The ovaries are the organs which are commonly affected by cysts. During the menstrual cycle, production and release of the egg (the ovum) ovaries produce cystic formations which eventually burst and release a mature egg. So, this drives to conclusion that ovaries are susceptible to cyst formation.
Functional cysts are one type of cysts affecting the ovary and are considered the most common one. They develop during a woman's reproductive period and are closely connected with ovulation. These cysts are benign and represent no reason for a woman to worry.
Types of Functional Ovarian Cysts
There are two functional ovarian cysts, follicular ovarian cysts and corpus luteum cysts.
A follicular cyst is a normal structure which develops in case the follicle (an egg sac) does not discharge the egg. It is also possible for such cyst to develop in case the follicle keeps on filling with fluid. The good thing is that follicle cysts are quite benign, they appear and disappear on their own and in many cases women are not even aware of their presence.
A corpus luteum cyst is not as common as follicular cysts. This type of functional ovarian cyst develops after the egg has been released and is made of the tissue that has been left behind after the egg release. Namely, the tissue that has remained forms a sac which further fills with fluid. Such cysts also withdraw spontaneously but may sometimes burst and cause certain health problems (pelvic pain and bleeding).
Diagnosing Functional Ovarian Cysts
Since most functional ovarian cysts are asymptomatic women are rarely aware of their presence. They can be accidentally found during gynecological exam and pelvic ultrasound. In case these cysts grow to a significant size, they start to compress surrounding organs and tissues causing different symptoms. For example, large functional cysts may be associated with discomfort, dull pain (spontaneous or felt during intercourse) and irregular periods. Pelvic ultrasound confirms the presence of a cyst and further evaluation differentiates the cyst from other potential growths such as ovarian cancer.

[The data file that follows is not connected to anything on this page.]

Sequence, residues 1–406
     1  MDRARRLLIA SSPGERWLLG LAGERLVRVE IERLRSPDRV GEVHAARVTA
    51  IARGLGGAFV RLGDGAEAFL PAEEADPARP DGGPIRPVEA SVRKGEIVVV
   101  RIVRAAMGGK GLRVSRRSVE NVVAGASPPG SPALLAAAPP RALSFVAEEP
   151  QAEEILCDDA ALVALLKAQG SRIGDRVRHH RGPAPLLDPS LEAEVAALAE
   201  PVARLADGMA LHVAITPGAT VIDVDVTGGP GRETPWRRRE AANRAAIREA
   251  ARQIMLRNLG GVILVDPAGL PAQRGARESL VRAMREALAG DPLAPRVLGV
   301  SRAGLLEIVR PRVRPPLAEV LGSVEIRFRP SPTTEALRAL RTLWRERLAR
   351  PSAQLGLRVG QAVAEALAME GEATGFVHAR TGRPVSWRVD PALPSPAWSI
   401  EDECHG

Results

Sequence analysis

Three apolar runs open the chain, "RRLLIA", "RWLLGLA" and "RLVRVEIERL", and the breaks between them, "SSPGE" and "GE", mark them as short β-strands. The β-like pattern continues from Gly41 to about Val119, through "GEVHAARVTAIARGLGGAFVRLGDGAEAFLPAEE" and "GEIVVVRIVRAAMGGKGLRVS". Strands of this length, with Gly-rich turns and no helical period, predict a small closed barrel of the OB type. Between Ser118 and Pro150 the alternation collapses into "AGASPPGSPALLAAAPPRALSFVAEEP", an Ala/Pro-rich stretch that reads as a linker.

Functional Ovarian Cysts - Treatment
Functional ovarian cysts generally do not require any treatment because they withdraw on their own. Patients may need to be closely monitored (regular ultrasound exams). This way the doctor will have insight in further growth of the cyst or its withdrawal. Only cysts that continue growing and those that cause serious problems require surgical removal. They are usually removed laparoscopically. The procedure is a routine, performed under general anesthesia and the recovery does not last long.